Rotate the clay occasionally as you roll to maintain an even thickness and prevent it from sticking to the surface. If the clay starts to stick, lightly dust the surface with more cornstarch or water as needed.

Once the clay is rolled out to the desired thickness, carefully lift it from the surface and place it onto the mold. Gently press the clay into the mold cavity, ensuring that it is in full contact with all the details of the mold.

Trim away any excess clay from the edges of the mold using a sharp knife or clay cutting tool. Smooth out any imperfections or seams with your fingers, a rib tool, or a sponge.

After the clay has been pressed into the mold, allow it to dry and harden for the recommended amount of time before removing it from the mold.

Once the clay has dried, carefully remove the molded piece from the mold. If necessary, use a soft brush or sandpaper to smooth out any rough edges or areas.

Rolling is a versatile technique that can be used with a variety of press molds to create unique pottery shapes. Experiment with different clay types, thicknesses, and pressure to achieve the desired results.

Step 3: Pressing the Clay

Once your clay slab is prepared, it’s time to begin the pressing process. Follow these steps to successfully press the clay into the mold:

  1. Place the clay slab on top of the mold, ensuring that it covers the entire surface evenly.
  2. Use your hands or a rolling pin to gently press the clay down onto the mold, starting from the center and working your way outwards. Apply even pressure to prevent any air bubbles or unevenness.
  3. Continue pressing the clay until it reaches the desired thickness. This will vary depending on the type of piece you are making and the specific instructions for your mold. Use a ruler or calipers to measure the thickness as you go.
  4. If the clay slab extends beyond the edges of the mold, carefully trim away the excess using a sharp knife or clay trimming tool.
  5. Once the clay is pressed and trimmed, smooth out any rough edges or imperfections using a sponge or your fingers. Pay attention to the edges and corners, ensuring they are clean and smooth.

Remember to work slowly and carefully during the pressing process to achieve the best results. Take breaks if needed to avoid any mistakes or frustration. Once you are satisfied with the pressed clay, you are ready to move on to the next step, which is removing the clay from the mold.

Placing the Mold

Placing the Mold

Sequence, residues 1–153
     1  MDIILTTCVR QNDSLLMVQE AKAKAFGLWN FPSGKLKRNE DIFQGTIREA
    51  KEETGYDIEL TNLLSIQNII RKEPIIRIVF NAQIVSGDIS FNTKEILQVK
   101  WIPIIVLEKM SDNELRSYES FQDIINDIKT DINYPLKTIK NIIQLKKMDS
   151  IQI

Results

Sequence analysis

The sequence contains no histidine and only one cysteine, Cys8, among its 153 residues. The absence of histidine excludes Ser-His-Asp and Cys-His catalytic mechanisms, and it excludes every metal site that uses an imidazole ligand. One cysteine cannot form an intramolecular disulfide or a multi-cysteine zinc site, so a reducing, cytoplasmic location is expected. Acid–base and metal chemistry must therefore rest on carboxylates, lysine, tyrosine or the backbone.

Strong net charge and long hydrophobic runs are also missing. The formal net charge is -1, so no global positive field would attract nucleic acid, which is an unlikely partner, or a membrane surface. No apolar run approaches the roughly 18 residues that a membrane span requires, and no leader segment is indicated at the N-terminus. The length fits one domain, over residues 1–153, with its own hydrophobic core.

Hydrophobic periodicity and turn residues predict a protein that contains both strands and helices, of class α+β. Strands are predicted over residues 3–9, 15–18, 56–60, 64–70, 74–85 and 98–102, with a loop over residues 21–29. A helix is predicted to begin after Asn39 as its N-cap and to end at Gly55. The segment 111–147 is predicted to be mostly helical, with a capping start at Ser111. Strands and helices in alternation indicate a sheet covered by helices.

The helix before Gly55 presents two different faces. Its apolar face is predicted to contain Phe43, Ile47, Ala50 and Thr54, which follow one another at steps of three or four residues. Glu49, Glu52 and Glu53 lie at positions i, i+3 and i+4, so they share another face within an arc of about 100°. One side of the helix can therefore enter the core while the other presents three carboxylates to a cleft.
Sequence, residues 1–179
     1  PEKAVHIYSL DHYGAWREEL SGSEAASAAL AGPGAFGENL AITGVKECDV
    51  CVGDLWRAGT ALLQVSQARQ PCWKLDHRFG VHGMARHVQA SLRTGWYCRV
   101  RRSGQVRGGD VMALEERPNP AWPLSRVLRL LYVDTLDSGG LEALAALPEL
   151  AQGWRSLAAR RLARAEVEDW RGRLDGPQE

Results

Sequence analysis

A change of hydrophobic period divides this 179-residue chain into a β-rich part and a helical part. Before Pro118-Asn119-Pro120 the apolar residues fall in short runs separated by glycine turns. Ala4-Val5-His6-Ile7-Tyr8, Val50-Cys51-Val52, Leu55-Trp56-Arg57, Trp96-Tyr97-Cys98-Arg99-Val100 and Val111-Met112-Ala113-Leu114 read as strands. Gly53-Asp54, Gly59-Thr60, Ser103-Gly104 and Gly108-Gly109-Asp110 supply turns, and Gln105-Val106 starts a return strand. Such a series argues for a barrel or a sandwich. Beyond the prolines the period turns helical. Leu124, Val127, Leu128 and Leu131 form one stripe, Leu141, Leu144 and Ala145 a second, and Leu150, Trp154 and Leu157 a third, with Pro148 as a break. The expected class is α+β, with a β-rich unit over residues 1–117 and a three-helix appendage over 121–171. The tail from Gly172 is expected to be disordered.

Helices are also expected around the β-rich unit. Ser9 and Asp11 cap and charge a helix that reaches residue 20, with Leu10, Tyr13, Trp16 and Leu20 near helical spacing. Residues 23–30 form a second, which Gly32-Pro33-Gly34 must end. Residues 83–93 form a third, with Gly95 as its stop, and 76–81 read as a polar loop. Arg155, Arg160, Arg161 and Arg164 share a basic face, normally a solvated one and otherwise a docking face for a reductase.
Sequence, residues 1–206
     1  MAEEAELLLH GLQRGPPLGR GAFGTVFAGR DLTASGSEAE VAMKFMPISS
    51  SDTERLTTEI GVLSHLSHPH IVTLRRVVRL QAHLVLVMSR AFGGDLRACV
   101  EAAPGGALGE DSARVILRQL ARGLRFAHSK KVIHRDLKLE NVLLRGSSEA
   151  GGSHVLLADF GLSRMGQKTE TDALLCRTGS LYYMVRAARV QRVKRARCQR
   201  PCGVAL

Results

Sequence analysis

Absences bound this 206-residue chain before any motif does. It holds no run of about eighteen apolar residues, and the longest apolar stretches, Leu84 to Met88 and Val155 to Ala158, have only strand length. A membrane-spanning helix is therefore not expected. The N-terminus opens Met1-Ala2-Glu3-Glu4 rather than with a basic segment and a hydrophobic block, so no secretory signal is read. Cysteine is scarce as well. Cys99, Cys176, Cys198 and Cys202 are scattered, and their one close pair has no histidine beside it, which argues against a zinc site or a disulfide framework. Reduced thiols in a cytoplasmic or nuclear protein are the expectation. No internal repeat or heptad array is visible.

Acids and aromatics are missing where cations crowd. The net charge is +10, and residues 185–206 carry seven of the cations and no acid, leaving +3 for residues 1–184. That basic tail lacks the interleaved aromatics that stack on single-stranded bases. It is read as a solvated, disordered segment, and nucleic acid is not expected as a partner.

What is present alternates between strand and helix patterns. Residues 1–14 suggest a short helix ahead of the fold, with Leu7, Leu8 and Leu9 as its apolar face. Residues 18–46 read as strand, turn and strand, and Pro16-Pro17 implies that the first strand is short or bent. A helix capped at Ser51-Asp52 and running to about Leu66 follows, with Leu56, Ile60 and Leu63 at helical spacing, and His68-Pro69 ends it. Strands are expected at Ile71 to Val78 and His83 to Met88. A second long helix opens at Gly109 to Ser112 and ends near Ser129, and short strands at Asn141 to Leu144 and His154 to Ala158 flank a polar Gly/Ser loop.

Once you have prepared your clay and press mold, it’s time to start making pottery! Follow these steps to properly place the mold:

  1. Prepare your workspace: Ensure you have a clean and clutter-free area to work in. This will help prevent any accidents or damage to your pottery.
  2. Position the mold: Place the press mold on a flat surface, such as a table or workbench. Make sure the mold is stable and won’t move during the process.
  3. Prepare the clay: Take a clay ball and cut it into manageable pieces. Knead each piece to soften it and remove any air bubbles. Set aside the prepared clay for the next step.
  4. Fill the mold: Take one of the prepared clay pieces and press it firmly into the mold. The clay should cover the entire mold cavity and be pressed down evenly.
  5. Remove excess clay: Use a trimming tool or your fingers to remove any excess clay from the edges of the mold. This will help create a clean and smooth pottery piece.
  6. Release the pottery: Carefully lift the mold to release the pottery piece. Gently tap the mold if needed to loosen the pottery from the mold.
  7. Inspect and refine: Examine the pottery piece for any imperfections or rough edges. Use tools like a rib or sponge to refine and smooth the surface as desired.

Repeat these steps for each pottery piece you want to create using the press mold. With practice, you’ll become more familiar with the molding process and can experiment with different clay types, shapes, and designs.


What is a press mold and how does it work?

A press mold is a tool used in pottery to create consistent and repeated shapes. It is a mold made from plaster or another material, with a cavity in the shape of the desired object. To use a press mold, clay is pressed into the cavity, and excess clay is trimmed away. The mold is then opened, and the clay object is carefully removed.

Are there different types of press molds available?

Yes, there are various types of press molds available for pottery. Some common types include hump molds, slump molds, and sprig molds. Hump molds are used to create convex shapes, such as bowls or plates. Slump molds create concave shapes, such as dishes or vases. Sprig molds are used to add decorative elements to pottery, by pressing clay onto the mold and attaching it to a different clay object.

What materials can be used to make a press mold?

Press molds can be made from various materials, depending on the desired effect and durability. Plaster is a popular choice as it absorbs moisture from the clay and helps with the drying process. Other materials like wood, bisque-fired clay, or even silicone can also be used to make press molds.

Can I make my own press mold?

Yes, you can make your own press mold for pottery. To create a press mold, start by making a positive shape out of clay or another material. Once the positive shape is created, a negative mold can be made by pouring plaster over the positive shape and allowing it to dry. Once the plaster is fully dry, the press mold is ready to be used.